Growing Herbs In Pots. Melanie’s Indoor Herb Gardens for Beginners

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When growing herbs in pots, hanging baskets, window boxes or other containers of our choice, we will offer them the same care that we would when we grow them outdoors in the garden.

Like all plants our herbs are going to need three basic things to thrive. What are they? Sunlight, good soil and water, of course.  Southern or western sun exposure is the first and most important requirement for our herbs grown indoors or outside in the garden for that matter. For our indoor growing of herbs, we’ll put them in or near a window facing that good southern or western sun. Although there are a couple of exceptions, most of the herbs we are going to grow need a sunny spot in the house. Maybe in the kitchen or another room we know that lets the sun in.

In case we just don’t have that good sunny location inside, sometimes we herb growers may have to help our herbs, with a little man-made light. Fluorescent or a grow light will do the trick.

Type of Soil for Growing Herbs in Pots:

We’re going to use a nice clean and sterilized potting soil, but we are going to make sure it is well drained. To do this, here’s a little soil recipe for our herbs grown in containers: 2 parts potting soil and 1 part sand. We want to use course sand or perlite. Nothing too fine. And one more thing, like many of our indoor plants, we are going to put an inch of gravel at the bottom of the pot.  This is important to make sure we have good drainage. Without it, our soil can stay too damp and we can accidentally introduce mold and root rot to our potted herbs. Optional: Adding a teaspoon of lime can make sure the soil isn’t too acidic for our herbs.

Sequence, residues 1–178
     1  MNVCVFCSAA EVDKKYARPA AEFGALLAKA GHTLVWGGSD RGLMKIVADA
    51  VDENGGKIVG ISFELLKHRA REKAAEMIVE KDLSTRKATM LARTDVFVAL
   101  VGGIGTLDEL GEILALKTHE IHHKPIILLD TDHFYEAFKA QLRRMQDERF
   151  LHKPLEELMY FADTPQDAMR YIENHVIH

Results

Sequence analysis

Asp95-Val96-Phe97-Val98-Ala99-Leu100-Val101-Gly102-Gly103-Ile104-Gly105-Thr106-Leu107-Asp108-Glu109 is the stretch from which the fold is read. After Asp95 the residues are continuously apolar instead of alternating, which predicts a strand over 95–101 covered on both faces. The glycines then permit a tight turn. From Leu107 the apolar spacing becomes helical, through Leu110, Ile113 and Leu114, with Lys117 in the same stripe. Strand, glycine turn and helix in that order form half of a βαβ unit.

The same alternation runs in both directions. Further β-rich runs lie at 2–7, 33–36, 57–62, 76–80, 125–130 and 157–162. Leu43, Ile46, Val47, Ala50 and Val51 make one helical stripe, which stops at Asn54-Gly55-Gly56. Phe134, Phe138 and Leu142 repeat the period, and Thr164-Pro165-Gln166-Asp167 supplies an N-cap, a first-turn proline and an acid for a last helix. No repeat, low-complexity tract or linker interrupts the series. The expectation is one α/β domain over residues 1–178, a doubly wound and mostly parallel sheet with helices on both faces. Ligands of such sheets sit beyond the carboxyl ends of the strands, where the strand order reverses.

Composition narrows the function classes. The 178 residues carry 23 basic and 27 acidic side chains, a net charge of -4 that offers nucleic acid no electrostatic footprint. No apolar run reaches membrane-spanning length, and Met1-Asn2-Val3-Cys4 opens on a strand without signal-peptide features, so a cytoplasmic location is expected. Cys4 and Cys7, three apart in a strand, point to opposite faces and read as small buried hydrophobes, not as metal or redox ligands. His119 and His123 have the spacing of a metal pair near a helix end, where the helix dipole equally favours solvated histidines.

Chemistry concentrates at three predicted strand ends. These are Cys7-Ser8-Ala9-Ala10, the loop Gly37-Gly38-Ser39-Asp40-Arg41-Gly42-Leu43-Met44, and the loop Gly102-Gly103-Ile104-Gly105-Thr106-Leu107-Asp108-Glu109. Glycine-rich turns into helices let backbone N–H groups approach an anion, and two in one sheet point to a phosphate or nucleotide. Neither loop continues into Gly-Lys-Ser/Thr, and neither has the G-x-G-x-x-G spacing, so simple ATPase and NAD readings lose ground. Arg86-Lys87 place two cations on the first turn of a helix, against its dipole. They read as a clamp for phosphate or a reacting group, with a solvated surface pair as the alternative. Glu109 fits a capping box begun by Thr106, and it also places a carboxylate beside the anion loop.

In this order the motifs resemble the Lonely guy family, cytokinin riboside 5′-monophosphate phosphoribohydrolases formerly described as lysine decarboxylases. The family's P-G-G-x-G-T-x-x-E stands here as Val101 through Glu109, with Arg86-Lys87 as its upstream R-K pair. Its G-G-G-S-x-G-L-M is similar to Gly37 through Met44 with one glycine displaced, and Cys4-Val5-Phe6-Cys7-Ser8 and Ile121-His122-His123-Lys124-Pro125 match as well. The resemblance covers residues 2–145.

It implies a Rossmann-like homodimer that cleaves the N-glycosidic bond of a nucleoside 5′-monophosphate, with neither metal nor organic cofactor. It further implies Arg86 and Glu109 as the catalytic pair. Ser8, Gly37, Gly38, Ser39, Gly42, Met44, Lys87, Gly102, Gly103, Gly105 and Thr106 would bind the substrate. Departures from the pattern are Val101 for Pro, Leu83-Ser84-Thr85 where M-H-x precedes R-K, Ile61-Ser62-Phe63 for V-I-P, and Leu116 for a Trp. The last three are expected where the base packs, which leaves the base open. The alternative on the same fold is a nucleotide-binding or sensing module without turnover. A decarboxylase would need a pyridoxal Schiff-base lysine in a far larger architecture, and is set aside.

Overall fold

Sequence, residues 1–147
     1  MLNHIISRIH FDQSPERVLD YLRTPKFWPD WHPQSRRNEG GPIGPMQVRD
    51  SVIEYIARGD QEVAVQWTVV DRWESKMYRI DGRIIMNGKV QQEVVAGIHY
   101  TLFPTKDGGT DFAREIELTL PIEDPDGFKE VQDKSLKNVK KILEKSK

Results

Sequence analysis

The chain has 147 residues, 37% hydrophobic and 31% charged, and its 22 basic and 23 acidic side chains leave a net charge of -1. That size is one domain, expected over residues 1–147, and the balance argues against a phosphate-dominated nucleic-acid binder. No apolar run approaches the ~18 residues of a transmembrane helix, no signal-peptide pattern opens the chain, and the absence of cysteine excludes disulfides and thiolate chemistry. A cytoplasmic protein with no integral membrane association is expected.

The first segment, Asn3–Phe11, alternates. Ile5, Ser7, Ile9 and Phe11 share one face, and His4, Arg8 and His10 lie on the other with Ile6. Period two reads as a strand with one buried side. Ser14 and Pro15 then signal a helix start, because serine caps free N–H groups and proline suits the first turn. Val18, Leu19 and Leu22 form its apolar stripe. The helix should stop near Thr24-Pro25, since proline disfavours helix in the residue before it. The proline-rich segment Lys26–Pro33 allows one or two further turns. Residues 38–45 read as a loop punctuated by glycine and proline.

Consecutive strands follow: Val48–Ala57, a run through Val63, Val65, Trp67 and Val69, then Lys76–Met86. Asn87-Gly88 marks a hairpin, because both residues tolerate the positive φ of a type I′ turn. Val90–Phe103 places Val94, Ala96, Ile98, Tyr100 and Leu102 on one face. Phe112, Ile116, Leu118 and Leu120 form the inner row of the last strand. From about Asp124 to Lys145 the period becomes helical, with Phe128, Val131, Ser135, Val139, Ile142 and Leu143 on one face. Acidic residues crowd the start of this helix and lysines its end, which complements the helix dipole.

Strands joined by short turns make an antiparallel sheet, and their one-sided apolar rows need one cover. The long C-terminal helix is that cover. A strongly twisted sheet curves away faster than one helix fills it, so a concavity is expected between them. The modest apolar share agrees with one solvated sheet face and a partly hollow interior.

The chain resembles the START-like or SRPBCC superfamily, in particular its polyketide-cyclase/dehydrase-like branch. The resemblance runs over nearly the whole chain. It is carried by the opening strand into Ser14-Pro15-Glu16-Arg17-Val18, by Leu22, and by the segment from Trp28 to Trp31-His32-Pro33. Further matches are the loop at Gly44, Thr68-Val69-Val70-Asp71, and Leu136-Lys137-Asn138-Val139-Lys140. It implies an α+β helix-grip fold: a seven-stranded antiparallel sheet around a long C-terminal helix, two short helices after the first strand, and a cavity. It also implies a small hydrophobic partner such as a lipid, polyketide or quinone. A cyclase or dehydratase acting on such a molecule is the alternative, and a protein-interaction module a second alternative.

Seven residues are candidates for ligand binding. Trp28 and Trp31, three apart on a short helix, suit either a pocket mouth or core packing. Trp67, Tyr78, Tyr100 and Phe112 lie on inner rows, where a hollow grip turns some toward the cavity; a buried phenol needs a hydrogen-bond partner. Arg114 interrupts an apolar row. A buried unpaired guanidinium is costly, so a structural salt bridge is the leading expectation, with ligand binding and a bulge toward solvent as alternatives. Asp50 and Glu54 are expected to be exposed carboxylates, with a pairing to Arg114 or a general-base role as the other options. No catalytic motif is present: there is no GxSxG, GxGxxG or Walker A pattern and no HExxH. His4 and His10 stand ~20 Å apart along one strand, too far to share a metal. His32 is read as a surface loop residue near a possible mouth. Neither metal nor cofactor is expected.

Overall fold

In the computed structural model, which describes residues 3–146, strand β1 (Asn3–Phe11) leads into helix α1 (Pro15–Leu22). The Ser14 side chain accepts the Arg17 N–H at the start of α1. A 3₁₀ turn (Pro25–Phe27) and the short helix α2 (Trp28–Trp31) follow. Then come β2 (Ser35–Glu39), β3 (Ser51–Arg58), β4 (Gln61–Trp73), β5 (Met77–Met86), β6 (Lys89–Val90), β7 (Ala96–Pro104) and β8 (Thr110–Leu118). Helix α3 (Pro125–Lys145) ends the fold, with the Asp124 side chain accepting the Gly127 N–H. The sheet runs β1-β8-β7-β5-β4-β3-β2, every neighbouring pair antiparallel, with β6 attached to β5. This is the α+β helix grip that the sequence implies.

How Much Water Do Herbs Need?

Misting plants regularly is important for growing herbs in pots because it mimics the humidity that our outdoor plants enjoy. The air in our houses is often much dryer so misting is essential. Generally speaking, our herbs grown in containers are going to need to be watered more often than herbs grown outdoors in the garden. But again, we can’t soak the roots and cause the herbs to be unhealthy or harmed by fungus.

Like our other plants, herbs can be “annuals” or “perennials”. The annuals are fine with spending their whole season indoors. Perennials on the other hand really appreciate it if they can spend the summer outside.  When we are growing herbs in pots, we ave to make sure, to bring them inside before the first frost.  We don’t want them to lose any of their foliage unnecessarily. Here’s an exception to this rule however: Tarragon, Chives and Mint actually react to a bit of frost, by growing even stronger and fresher foliage.

We can grow all our herbs successfully indoors in containers. But mint in particular definitely should be grown in a container or pot, because it is invasive in the garden and can take over the whole garden if we’re not careful. So we might as well grow mint indoors because when growing kitchen herbs, we get the added pleasure of reaching over and snapping off a few leaves to use as we’re cooking.

Indoor Herb Growing Tips:

When growing herbs in pots, we should also give our herbs a periodic feeding and we should re-pot them every year to make sure the soil is fresh and remains nutritious.
And remember, we have to replant “annuals” every year because they only live for the one growing season and the perennials have to come indoors for the cold winter.

Lastly, use your herbs! Harvest and pick foliage occasionally because this not only will be a benefit to you, it will cause the herbs to be happier and healthier with thicker stronger growth.

So we’re going to use our herbs in our recipes, and we’ll look back at our article about how to dry and preserve them and… we’ll share them with our friends. It doesn’t get  much better than that.